Returning in 2018 for its second year, the Harmony Art Collective – a collaboration between Special Broadcasting Service (SBS), the Australian Government and aMBUSH Gallery – was created as part of Harmony Day on 21 March, when cultural diversity is celebrated.
Four Australian urban artists – Luke Cornish (aka E.L.K.), Georgia Hill, Jeremyville and Fintan Magee – travelled to six states across Australia where they led art workshops for recently arrived young migrants, disadvantaged youth, and Aboriginal and Torres Strait Islander youth.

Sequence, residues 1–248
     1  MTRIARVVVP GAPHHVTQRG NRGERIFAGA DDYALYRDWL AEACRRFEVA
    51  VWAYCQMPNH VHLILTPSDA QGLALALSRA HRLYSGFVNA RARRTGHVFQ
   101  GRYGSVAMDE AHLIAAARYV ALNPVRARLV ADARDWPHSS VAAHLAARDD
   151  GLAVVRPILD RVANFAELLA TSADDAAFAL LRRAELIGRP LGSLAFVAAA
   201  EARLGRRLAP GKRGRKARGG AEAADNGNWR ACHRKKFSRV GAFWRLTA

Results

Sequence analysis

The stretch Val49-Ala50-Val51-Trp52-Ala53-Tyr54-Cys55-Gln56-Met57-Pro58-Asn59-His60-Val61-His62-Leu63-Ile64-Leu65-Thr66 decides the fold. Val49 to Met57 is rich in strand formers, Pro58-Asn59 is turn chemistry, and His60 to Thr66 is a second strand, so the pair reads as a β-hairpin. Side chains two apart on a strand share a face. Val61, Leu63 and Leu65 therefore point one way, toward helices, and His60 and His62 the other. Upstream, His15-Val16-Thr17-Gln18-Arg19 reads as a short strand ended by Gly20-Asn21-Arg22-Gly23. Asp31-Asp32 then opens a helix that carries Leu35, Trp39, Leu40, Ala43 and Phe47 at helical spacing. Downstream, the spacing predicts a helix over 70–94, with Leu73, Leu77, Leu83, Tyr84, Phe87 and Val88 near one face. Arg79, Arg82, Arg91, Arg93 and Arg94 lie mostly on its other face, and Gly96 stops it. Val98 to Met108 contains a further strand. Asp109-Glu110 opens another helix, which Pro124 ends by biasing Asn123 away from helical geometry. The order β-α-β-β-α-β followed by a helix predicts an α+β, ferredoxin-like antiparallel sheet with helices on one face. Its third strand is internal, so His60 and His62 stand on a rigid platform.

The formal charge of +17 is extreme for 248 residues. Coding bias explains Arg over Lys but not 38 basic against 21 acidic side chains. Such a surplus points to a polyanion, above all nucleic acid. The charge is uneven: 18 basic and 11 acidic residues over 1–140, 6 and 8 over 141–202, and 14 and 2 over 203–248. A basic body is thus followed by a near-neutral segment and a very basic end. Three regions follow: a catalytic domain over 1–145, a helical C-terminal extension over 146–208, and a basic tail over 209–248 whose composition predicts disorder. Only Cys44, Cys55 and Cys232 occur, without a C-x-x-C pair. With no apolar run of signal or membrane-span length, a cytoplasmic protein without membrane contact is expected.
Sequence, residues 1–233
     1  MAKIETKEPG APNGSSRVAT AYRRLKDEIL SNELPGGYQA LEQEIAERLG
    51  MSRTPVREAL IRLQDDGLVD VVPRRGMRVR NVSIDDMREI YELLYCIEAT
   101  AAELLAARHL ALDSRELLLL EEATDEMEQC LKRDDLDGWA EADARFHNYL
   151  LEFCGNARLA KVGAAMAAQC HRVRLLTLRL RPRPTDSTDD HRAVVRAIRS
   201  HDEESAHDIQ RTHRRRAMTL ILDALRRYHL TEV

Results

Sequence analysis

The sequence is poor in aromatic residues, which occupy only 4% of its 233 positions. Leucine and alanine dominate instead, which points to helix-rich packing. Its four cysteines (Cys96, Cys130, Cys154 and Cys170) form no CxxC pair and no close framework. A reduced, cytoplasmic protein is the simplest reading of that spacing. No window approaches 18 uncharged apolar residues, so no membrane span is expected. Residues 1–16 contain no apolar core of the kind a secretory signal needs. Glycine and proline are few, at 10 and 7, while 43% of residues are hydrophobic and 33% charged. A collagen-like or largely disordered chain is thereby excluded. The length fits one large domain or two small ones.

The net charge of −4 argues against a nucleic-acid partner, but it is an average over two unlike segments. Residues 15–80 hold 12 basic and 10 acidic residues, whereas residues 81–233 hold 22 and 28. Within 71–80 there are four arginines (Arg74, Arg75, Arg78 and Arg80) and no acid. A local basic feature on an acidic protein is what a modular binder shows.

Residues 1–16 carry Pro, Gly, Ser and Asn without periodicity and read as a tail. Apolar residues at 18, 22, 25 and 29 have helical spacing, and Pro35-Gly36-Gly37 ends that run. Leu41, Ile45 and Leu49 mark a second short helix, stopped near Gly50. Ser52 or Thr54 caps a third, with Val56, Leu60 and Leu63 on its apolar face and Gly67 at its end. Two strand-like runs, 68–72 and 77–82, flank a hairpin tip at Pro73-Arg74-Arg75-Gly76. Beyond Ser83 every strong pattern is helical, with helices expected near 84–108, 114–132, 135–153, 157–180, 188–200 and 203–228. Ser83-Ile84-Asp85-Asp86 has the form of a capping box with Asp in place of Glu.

The artists and participants created 16 striking large-scale artworks that were exhibited at OPEN at Darling Quarter from 13 March–28 April. The works reflected the cultural, political and social perspectives unique to their experiences.
As part of the project, photographer and videographer Billy Zammit travelled with the group and documented the entire journey. His behind the scenes photographic exhibition was displayed in the Monkey Baa Theatre foyer, and four short documentaries about the artists and participants were broadcast on SBS VICELAND and SBS Learn.
To date, the project has commissioned 8 Australian artists who conducted workshops in 14 different locations nationwide and engaged with over 700 young participants to produce 32 important works of art.